Germany discovers mines at former Soviet base: treaty
Germany has found landmines at a former Soviet military base in the country's north-east, a spokeswoman of the Mine Ban Treaty said Friday.
Germany told a week-long meeting of states party to the treaty that it discovered the mines while carrying out an initial survey of an ex-Soviet military training area at Wittstock, in the state of Brandenburg, formerly part of communist East Germany.
"The anti-personnel mines found during the initial survey have been destroyed," the German delegation said, according to a copy of its statement to the meeting.
"As a next step, a further survey will determine the exact extent of the contamination and identify the precise extent of the remaining area that might have to be cleared," it added.
The cluster munitions and mines were mainly found at the southern part of the training zone, which is off limits to civilians.
The area in question measures about 400 hectares (4 square kilometres).
"Germany's identification of a potentially mined area is surprising, but shows the government is transparent, and we are pleased that Germany will assess the area to determine if clearance is required," said Kasia Derlicka, who heads the International Campaign to Ban Landmines.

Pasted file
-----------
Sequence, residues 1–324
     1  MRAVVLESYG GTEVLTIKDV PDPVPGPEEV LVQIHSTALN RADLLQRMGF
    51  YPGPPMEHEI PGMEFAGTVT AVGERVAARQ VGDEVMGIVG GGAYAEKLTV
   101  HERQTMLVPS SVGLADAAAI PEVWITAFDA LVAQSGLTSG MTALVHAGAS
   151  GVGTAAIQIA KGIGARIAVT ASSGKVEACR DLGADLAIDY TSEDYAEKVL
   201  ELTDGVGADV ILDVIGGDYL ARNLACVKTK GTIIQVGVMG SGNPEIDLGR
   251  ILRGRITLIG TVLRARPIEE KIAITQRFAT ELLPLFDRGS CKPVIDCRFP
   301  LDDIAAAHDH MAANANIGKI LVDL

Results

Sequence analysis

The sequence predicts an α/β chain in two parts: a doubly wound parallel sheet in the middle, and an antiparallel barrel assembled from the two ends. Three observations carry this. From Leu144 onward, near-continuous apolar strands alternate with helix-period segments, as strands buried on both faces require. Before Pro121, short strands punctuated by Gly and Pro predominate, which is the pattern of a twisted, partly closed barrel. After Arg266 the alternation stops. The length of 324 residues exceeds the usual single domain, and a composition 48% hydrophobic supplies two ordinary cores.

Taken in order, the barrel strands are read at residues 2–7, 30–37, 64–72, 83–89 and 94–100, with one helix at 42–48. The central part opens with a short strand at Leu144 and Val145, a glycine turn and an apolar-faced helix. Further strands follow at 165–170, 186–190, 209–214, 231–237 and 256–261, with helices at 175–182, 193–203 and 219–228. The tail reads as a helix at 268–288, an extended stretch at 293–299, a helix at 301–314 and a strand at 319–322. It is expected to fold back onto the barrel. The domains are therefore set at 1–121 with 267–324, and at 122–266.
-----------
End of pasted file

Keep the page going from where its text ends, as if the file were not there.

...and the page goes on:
Meanwhile, states party to the treaty also heard that Nigeria has cleared its territory of landmines, becoming the 17th state party to the convention to do so.
Despite progress made by some countries in the implementation of the treaty, the meeting noted that there have been reports of new usage of the deadly weapons in Libya.
Four countries -- Algeria, Chile, the Democratic Republic of the Congo and Eritrea have asked for more time to complete mine clearance.
The next meeting of the Mine Ban Treaty will be held in Phnom Penh between November 28 to December 2.
© 2011 AFP